Campaign to remove Rhodes statue from Oxford college ‘short-sighted’ – minister

The campaign to remove the controversial statue of Cecil Rhodes from an Oxford college is “short-sighted”, the universities minister has said.

Michelle Donelan said we should “remember and learn” from history rather than “edit” the past.

Her comments came after protesters renewed calls for the statue of the British imperialist to be taken down from Oriel College at Oxford University.

Black Lives Matter protests
Oriel College’s governing body is due to discuss the future of the statue on Wednesday (Steve Parsons/PA)

When asked about the Black Lives Matter movement and whether universities could do more to tackle equality issues, Ms Donelan said she agreed with the Prime Minister that we “should not seek to censor or edit our past”.

Speaking at a webinar hosted by the Higher Education Policy Institute (Hepi), she said: “Recent actions, such as renaming buildings named after Gladstone or campaigns to remove the statue of Rhodes, I think, are quite short-sighted.

“Because if we cannot rewrite our history, instead what we should do is remember and learn from it.”

Her comments came as Oriel College’s governing body is due to discuss the future of the statue on Wednesday.

Last week, the University of Liverpool announced that a hall named after former prime minister William Gladstone would change after students pointed out his links to the slave trade.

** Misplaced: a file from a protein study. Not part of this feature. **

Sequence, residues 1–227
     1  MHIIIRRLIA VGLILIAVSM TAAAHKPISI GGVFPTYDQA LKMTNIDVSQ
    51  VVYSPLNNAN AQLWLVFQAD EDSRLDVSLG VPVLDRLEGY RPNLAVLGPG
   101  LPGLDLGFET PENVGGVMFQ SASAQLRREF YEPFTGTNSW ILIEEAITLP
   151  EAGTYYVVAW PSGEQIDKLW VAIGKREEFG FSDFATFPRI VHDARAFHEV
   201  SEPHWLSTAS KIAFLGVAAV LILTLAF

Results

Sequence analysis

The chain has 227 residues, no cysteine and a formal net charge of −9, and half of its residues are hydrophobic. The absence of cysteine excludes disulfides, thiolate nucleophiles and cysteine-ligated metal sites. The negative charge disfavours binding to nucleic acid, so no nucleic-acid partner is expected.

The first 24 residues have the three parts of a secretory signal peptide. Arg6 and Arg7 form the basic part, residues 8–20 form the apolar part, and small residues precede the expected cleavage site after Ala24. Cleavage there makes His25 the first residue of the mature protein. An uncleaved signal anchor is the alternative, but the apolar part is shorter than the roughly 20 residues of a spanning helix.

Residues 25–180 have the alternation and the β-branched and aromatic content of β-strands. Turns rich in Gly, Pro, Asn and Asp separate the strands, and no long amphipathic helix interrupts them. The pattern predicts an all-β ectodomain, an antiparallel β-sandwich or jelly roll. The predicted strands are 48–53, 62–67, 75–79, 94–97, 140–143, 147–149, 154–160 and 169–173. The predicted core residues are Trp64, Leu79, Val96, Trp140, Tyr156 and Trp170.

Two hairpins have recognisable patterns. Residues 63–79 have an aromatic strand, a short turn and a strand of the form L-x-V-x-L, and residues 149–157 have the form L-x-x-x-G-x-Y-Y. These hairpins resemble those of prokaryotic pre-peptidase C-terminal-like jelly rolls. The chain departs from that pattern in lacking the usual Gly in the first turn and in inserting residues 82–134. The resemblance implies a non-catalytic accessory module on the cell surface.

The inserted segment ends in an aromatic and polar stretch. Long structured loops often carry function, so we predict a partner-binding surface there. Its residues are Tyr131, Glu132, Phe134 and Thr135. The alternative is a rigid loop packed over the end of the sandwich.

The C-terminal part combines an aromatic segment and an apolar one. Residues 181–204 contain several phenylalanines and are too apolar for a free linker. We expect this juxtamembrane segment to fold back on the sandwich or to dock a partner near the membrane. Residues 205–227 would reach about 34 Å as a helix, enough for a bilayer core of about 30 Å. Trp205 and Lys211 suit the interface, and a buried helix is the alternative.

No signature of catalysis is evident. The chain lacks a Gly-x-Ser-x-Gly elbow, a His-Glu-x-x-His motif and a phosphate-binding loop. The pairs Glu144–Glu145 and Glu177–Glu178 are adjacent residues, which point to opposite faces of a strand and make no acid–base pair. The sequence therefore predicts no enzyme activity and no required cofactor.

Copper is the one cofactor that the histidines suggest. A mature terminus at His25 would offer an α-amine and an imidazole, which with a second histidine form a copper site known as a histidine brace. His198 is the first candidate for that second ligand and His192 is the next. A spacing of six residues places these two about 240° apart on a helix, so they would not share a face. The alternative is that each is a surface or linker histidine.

In a letter in the Daily Telegraph, a group of Oxford professors criticised the university vice-chancellor’s response to the Rhodes Must Fall campaign.

Professor Louise Richardson, vice-chancellor of Oxford, told the BBC that “hiding our history is not the route to enlightenment”.

But the academics argue in the letter that the “opposite is true”, adding that it is “a full and frank accounting for Britain’s history” that was being demanded.

Demonstrations have taken place outside Oriel College calling for the statue to be removed from the High Street entrance of the building, as well as protesting against racism following the death of George Floyd in the US.

An Oriel College spokesman said: “The governing body and all concerned parties at Oriel College are fully aware of the responsibility they hold with regard to both the Rhodes statue and wider issues under discussion, and they will of course talk about this during their upcoming scheduled meeting.”

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